May 1 was the day many in Frederick, Maryland, had long awaited — or dreaded, depending on your point of view. The home of the Aircraft Owners and Pilots Association (AOPA), defender of our freedoms to fly, was finally getting a control tower. Was it a day to celebrate or commiserate?
A control tower had been in the works for years. FDK had grown up along with its host city, which had blossomed as Washington, D.C.’s northernmost exurb. Air traffic skyrocketed with FDK’s location just outside Washington-area Class B and ADIZ airspace. Earlier, a widened and lengthened Runway 5-23 and ILS had started attracting jets. Old Runway 1-19 was closed to avoid conflicts, offer more taxi routes and expand hard surface parking.
In its uncontrolled heyday, FDK was a versatile symphony of self-coordination. Savvy pilots kept up a prodigious operational pace despite ILS straight-ins and glider club landings on the cross-runway grass area. The problem came on weekends: Seven in the pattern, some of them from out of town. Approaching FDK in the AOPA jet, one always cinched up his seat to face the complicated traffic picture ahead.
Another factor favoring a tower: Continual busts of P-40 around Camp David atop mountains not far north of the field. In the old days, irate Secret Service or military guys monitoring their special radar would call and ask Frederick Aviation to detain a violator. “There, he’s just landing now,” they’d say. Irascible Pat Patrick behind the counter would reply, “Oh really? We’ve got a full pattern here. Just tell me what color the plane is.” Click.
These days post-9/11, the air security stakes are higher. Along with P-40 to the north, the boundary of the Washington ADIZ is not far south. I’m sure closer supervision of area traffic is welcome to security interests. After all, the G-8 Summit will take place at Camp David later this month. Its TFR will probably leave a scant two miles for airport traffic on FDK’s north side.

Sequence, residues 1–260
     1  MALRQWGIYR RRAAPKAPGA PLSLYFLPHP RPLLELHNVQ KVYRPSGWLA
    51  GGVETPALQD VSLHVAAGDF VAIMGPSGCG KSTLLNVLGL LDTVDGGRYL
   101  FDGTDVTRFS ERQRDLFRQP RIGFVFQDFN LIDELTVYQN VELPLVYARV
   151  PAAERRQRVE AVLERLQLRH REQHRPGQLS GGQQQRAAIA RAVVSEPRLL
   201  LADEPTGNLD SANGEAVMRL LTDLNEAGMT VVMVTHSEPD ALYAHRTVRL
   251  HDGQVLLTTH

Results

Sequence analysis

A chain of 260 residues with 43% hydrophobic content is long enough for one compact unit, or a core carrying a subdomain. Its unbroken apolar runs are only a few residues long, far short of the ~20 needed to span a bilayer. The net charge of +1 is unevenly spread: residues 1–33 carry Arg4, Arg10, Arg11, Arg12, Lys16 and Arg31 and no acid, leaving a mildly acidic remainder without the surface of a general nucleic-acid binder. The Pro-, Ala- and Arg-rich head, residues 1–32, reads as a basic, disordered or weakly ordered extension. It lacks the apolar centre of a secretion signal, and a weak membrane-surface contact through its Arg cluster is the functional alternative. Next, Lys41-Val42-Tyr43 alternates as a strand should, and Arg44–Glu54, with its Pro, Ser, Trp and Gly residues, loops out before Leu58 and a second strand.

Perhaps P-40 busts will be reduced. But most likely, traffic will slow — as usually happens when a tower replaces CTAF.
Should we long for “the good old days?” Don’t bother. Although Frederick Airport Manager Kevin Daugherty says traffic is down 20-30% from pre-recession levels, it will rebound. More important with the mix of jets and singles at Maryland’s second busiest airport, a tower can make everyone more comfortable. This certainly includes many a flight department whose insurers often mandate towered-field operations.
The gliders will still operate simultaneously on the cross-wind runway (12-30), just not on its adjacent grass anymore. Frederick Aviation is now Landmark Aviation, ready and waiting for more jets. The character of the field will again change — as it had before with runway reconfiguration, new hangars and more apron space. Nothing stays the same in aviation. The secret, as always, is to enjoy what you have while you have it.
The old FDK airport was great in its time. And now the airport moves ahead, enhancing its potential. That tall, modern control tower — in classic Maryland brick finish — symbolically joins the Frederick skyline of downtown towers and steeples, the old city’s fabled “clustered spires.” That new airport tower will serve many needs.
Story and photo © 2012 Drew Steketee
Drew Steketee was president of BE A PILOT, senior vp-communications for AOPA and executive director of the Partnership for Improved Air Travel. He also headed PR and media relations for Beech, GAMA and the Airport Operators Council International.
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